MAKING SENSE -- November 22, 2012 at 5:00 PM EDT
Communism, Capitalism and the Third Thanksgiving
Pilgrim leader William Bradford, later the Governor of Plymouth Colony, reading the Mayflower Compact on board the Mayflower off the coast of what became known as Massachusetts, 1620. Photo by MPI/Stringer via Getty Images.
Paul Solman: It being Thanksgiving, we give today's post to Governor William Bradford of the Plymouth Colony, built by pious Protestant purists backed by profit-seeking investors.
Bradford tells the story of the tough Massachusetts winter of 1623 and how the colony barely survived, unable to raise enough food to sustain themselves. One reason he gave: the rules of the colony, as laid down by the investors, specified that the colonists should till their land in common, as was the case in the England from which they migrated.
But the colony, perhaps desperate, seems to have changed the rules in order to jack up productivity, allowing individual families to tend plots on their own, an early instance of the benefits of pursuing self-interest as opposed to communalism.
I am on record: successful economic grand strategy entails a balance between cooperation and self-interest. Extremes in one direction or the other are unsustainable. According to Governor Bradford, extreme communalism wasn't doing the job in Plymouth, Massachusetts ca. 1623.
William Bradford: "Whille no supply was heard of, neither knew they when they might expecte any. So they begane to thinke how they might raise as much torne [corn] as they could, and obtaine a beter crope then they had done, that they might not still thus languish in miserie. At length, after much debate of things, the Govr (with the advise of the cheefest amongest them) gave way that they should set corve [crops from labor] every man for his owne perticuler, and in that regard trust to them selves; in all other things to goe on in the generall way as before. And so assigned to every family a parcell of land, according to the proportion of their number for that end, only for present use (but made no devission for inheritance), and ranged all boys and youth under some familie. This had very good success; for it made all hands very industrious, so as much more torne was planted then other waise would have bene by any means the Govr or any other could use, and saved him a great deall of trouble, and gave farr better contente. The women now wente willingly into the feild, and tooke their litle-ons with them to set torne, which before would aledg weaknes, and inabilitie; whom to have compelled would have bene thought great tiranie and oppression.
"The experience that was had in this commone course and condition, tried sundrie years, and that amongst godly and sober men, may well evince the vanitie of that conceite of Platos and other ancients, applauded by some of later times; -that the taking away of propertie, and bringing in communitie into a comone wealth, would make them happy and florishing; as if they were wiser then God. For this comunitie (so farr as it was) was found to breed much confusion and discontent, and retard much imployment that would have been to their benefite and comforte. For the yong-men that were most able and fitte for labour and servise did repine that they should spend their time and streingth to worke for other mens wives and children, with out any recompence. The strong, or man of parts, had no more in devission of victails and cloaths, then he that was weake and not able to doe a quarter the other could; this was thought injuestice. The aged and graver men to be ranked and equalised in labours, and victails, cloaths, etc., with the meaner and yonger sorte, thought it some indignite and disrespect unto them. And for mens wives to be commanded to doe servise for other men, as dresing their meate, washing their cloaths, etc., they deemd it a kind of slaverie, neither could many husbands well brooke it. Upon the poynte all being to have alike, and all to doe alike, they thought them selves in the like condition, and ove as good as another; and so, if it did not cut of those relations that God hath set amongest men, yet it did at least much diminish and take of the mutuall respects that should be preserved amongst them. And would have bene worse if they had been men of another condition. Let pone objecte this is mens corruption, and nothing to the course it selfe. I answer, seeing all men have this corruption in them, God in his wisdome saw another course fiter for them."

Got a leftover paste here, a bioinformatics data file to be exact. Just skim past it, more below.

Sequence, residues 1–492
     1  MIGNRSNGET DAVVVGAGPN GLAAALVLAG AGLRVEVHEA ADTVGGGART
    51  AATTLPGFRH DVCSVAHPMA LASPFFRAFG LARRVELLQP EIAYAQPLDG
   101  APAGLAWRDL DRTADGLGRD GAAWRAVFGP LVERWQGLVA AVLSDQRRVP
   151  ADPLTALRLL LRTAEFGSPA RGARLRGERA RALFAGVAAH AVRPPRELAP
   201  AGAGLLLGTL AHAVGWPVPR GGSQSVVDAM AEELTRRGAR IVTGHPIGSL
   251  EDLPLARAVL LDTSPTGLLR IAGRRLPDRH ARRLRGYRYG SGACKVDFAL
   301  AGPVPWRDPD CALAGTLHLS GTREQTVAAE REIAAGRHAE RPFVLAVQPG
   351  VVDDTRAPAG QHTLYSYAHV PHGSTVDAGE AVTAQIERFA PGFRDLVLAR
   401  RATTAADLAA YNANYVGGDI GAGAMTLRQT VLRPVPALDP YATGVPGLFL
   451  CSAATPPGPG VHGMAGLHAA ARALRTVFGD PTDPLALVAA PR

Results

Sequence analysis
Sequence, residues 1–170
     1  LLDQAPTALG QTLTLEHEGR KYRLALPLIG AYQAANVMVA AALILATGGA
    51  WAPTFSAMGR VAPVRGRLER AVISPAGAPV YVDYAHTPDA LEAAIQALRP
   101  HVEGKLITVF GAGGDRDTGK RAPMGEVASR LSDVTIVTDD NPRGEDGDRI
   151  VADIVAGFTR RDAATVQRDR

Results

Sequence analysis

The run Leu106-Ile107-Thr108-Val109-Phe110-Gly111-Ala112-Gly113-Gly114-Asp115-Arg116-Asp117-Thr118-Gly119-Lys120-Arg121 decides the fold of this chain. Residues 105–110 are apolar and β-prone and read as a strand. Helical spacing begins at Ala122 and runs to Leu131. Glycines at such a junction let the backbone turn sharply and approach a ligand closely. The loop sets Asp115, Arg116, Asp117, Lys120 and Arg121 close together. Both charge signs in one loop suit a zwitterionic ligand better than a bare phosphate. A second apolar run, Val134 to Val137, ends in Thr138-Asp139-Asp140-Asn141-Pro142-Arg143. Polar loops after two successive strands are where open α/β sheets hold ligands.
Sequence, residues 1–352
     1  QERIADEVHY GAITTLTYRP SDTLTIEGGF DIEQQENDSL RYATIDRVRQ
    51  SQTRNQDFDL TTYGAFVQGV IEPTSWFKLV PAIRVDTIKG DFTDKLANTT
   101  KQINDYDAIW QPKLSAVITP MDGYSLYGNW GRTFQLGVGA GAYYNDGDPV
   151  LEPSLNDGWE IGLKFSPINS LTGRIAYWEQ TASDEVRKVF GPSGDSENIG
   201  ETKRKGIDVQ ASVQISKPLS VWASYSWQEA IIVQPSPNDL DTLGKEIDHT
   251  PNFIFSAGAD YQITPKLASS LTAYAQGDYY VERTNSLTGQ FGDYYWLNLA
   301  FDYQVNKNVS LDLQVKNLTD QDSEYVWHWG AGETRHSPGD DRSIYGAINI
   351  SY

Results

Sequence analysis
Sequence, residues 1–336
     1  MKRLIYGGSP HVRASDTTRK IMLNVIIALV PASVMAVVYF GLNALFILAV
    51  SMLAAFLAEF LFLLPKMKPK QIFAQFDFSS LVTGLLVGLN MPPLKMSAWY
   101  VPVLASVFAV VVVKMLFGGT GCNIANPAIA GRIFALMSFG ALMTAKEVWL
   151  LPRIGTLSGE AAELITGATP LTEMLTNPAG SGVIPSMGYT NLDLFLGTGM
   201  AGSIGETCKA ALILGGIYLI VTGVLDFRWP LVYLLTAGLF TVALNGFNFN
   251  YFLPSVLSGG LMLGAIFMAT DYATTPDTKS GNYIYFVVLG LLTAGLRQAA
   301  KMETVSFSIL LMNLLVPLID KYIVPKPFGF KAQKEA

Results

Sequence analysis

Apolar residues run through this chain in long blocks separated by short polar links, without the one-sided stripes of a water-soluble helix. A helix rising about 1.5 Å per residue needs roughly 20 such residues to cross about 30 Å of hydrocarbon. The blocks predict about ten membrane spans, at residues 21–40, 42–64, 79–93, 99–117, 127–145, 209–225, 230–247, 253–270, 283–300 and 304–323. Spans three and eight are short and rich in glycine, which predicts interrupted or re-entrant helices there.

Paul Solman: A final word. It's not at all clear that Plato/Socrates were genuinely pushing collectivism. Many scholars, including two I very much respect, Bob Faulkner of Boston College and Mark Kleiman of UCLA, think "The Republic" is one long reductio ad absurdum -- a sustained effort to take the idea of a planned community to its logical conclusion. If you're looking for an apparent champion of pure collectivism, I suggest the evangelist Luke and his account of the first Christian Pentecost in Acts of the Apostles, 4:32 through 5:10.